In the United States, pets are extremely loved. According to a 2015 poll, 95 percent of owners consider their pet to be a part of the family. About half of the owners buy their pet birthday presents. I am a part of that statistic and gave my dog a birthday and Christmas present before she passed.
People who own pets tend to have lower blood pressure, heart rates, and heart disease than those who do not own pets. These health benefits come from exercising and playing with their animal. Pet owners (whether they want to be or not) are usually more active than those who do not own a pet. Some breeds of dogs need more activity than others and it is up to their owners to keep up with their activity level. Many dogs require long walks and that is a health benefit.
The physical benefits of owning pets are great. However, pets can also provide mental health benefits. Pet therapy is becoming more "acceptable" in different health care settings. Even though the studies have been minimal, there has been tremendous benefits of pet therapy and it is now a commonly used practice in children's hospitals.
Pets can provide social support which can decrease depression, anxiety, and loneliness. While there needs to be more studies to determine exactly how animals provide support for humans, there have been some studies done on certain types of animals.
In one study, stressed out adults were asked to pet either a rabbit, a toy, or a turtle. To no surprise, petting the toy had no effect. However, stroking a live creature relieved anxiety.
Horses are one of the most studied therapy animals. They have been involved in medical-treatment plans in Europe since the 1860s. Grooming a horse can reduce symptoms of PTSD in both children and adolescents.
Many animals can help people focus their attention. Individuals at an Alzheimer's-disease facility were asked to observe fish in an aquarium. These individuals ate more, had better nutrition, were more attentive and less lethargic.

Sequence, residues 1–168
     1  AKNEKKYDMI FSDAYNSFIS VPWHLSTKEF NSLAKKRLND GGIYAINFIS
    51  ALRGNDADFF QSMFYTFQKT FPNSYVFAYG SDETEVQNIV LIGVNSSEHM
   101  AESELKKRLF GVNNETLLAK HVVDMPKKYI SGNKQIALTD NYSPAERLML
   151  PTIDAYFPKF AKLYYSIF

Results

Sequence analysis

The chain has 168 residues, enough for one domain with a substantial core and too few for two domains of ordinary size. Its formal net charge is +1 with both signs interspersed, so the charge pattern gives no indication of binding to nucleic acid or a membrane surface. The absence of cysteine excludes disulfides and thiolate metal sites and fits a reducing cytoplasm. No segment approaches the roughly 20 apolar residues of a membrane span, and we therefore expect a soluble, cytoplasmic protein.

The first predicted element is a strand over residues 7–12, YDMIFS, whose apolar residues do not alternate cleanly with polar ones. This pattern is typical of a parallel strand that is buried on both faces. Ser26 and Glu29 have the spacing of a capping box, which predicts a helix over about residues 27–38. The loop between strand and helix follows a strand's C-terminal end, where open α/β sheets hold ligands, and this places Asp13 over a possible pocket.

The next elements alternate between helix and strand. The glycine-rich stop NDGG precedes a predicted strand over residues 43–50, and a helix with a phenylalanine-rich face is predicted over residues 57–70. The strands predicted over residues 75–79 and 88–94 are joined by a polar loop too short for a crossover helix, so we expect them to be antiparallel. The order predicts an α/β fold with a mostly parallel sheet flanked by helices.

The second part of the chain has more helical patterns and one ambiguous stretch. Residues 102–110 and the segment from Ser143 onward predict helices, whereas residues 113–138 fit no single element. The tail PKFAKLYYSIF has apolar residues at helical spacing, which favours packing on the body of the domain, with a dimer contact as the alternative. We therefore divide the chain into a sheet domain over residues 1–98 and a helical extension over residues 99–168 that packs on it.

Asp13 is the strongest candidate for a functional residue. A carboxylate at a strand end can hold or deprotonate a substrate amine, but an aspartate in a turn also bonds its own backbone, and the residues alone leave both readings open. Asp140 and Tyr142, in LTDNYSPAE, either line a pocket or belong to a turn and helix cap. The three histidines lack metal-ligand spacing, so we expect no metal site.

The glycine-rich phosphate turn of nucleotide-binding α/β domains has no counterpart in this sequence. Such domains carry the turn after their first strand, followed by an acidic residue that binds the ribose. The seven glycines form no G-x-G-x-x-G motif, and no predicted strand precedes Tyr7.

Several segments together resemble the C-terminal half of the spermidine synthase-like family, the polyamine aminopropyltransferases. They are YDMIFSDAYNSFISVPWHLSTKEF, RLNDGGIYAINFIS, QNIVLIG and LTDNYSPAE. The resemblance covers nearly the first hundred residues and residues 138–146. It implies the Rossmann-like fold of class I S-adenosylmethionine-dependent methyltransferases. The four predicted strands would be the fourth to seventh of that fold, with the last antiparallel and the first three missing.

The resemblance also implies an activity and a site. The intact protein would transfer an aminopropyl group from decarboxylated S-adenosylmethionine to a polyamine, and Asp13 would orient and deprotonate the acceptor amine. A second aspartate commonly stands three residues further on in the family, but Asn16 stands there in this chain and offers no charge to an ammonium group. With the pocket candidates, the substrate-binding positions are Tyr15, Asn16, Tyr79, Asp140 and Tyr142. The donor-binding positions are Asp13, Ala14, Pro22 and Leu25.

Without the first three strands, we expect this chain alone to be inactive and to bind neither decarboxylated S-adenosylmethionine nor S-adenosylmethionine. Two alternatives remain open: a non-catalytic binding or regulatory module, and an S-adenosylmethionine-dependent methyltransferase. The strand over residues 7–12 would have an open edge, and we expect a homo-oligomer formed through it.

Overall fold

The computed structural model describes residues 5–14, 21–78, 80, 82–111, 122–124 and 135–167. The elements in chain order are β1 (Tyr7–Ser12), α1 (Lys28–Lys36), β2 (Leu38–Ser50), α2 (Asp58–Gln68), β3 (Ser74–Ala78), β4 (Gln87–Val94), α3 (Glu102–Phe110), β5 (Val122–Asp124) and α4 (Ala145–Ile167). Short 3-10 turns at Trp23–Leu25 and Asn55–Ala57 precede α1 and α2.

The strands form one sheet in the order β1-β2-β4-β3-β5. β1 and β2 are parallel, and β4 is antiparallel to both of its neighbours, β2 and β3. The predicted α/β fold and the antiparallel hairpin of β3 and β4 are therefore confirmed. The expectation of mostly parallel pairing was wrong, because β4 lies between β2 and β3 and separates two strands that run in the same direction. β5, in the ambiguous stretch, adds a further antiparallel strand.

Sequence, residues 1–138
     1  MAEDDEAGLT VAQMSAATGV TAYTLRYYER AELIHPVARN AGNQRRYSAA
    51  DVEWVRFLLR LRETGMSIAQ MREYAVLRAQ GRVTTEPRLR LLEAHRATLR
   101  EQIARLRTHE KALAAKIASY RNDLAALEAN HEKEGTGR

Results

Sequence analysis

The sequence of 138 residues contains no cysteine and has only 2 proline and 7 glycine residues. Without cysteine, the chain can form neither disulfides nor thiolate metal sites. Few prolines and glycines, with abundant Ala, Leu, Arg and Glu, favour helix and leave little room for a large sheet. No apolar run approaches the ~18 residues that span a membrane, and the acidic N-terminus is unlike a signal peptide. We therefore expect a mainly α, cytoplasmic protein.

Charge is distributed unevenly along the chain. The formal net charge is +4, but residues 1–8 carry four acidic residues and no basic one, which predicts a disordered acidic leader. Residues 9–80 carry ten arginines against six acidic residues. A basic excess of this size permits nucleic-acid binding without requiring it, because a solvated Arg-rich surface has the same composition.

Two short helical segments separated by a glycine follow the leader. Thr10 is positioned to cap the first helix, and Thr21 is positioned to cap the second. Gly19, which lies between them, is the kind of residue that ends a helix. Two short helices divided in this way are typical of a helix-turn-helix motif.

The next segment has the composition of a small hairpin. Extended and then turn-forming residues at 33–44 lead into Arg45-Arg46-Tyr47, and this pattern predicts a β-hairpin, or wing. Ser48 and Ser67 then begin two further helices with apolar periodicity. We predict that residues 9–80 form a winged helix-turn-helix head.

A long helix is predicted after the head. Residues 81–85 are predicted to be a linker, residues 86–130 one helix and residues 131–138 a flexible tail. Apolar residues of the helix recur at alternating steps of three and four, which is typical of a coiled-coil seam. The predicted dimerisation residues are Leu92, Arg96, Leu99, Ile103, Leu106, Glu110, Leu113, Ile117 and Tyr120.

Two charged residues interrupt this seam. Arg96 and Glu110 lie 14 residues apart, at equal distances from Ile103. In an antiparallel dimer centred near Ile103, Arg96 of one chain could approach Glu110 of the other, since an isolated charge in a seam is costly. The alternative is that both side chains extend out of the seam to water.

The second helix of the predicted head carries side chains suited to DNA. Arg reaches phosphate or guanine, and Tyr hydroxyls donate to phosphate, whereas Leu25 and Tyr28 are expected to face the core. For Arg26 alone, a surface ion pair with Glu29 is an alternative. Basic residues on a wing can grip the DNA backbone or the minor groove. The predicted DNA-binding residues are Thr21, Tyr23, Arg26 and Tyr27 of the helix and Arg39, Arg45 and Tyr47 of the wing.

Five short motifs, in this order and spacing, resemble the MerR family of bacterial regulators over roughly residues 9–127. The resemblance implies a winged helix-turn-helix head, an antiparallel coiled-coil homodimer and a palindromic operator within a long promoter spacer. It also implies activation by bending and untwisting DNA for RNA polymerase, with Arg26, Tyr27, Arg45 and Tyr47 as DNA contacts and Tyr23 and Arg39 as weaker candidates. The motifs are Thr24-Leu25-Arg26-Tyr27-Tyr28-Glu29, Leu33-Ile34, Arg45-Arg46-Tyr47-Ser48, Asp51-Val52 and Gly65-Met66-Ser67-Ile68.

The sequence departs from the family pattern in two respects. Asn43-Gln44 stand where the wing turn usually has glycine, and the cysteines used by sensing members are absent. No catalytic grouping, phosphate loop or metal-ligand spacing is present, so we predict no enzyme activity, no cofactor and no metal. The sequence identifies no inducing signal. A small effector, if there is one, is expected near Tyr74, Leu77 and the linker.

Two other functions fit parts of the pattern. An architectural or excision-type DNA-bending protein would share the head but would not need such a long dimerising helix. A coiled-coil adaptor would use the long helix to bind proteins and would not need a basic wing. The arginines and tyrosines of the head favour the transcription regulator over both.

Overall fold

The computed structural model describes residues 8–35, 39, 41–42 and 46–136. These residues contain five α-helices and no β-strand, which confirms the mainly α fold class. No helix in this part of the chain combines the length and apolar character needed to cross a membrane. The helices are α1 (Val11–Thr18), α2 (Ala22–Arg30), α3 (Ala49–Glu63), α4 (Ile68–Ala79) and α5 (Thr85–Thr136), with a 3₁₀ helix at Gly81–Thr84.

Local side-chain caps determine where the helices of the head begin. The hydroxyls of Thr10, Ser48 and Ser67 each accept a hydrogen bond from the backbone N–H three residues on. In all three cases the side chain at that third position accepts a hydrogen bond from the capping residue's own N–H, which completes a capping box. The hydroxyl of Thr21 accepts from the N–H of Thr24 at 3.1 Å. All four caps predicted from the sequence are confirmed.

Dogs can also reduce symptoms of anxiety. Some research suggests that when children who struggle with reading read aloud to a trained dog, they show fewer symptoms of anxiety.
I work in a stressful and fast paced environment. The patients we see are trusting us with their lives to get sober or help through what they see as a “hopeless situation.” Knowing that is stressful and we could be the reason someone fights another day. Coming home to my dog wagging her tail and greeting me at the door, immediately calmed me down. She was able to help me leave work at work and not take it home. Even when she was sitting next to me and I was petting her, I could sense my heart rate slow, and I felt peaceful.
When she passed, I thought my life ended. She was no longer greeting me at the door, and I could sense the emptiness in my apartment. I could feel my anxiety levels rising and the feeling of loneliness steadily increasing. I felt myself starting to worry about work when I was home and taking on more responsibility than I needed to.
I have always believed the animals have their own "healing power". My dog was a part of my family and losing her felt like losing a part of myself. Now that I do not have a pet, my house feels empty, and I notice that I am more tense. I am now prone to overreact to situations where when I had a dog, I would not have overreacted. It is something that I cannot put into words, but having a dog changed my life for the better.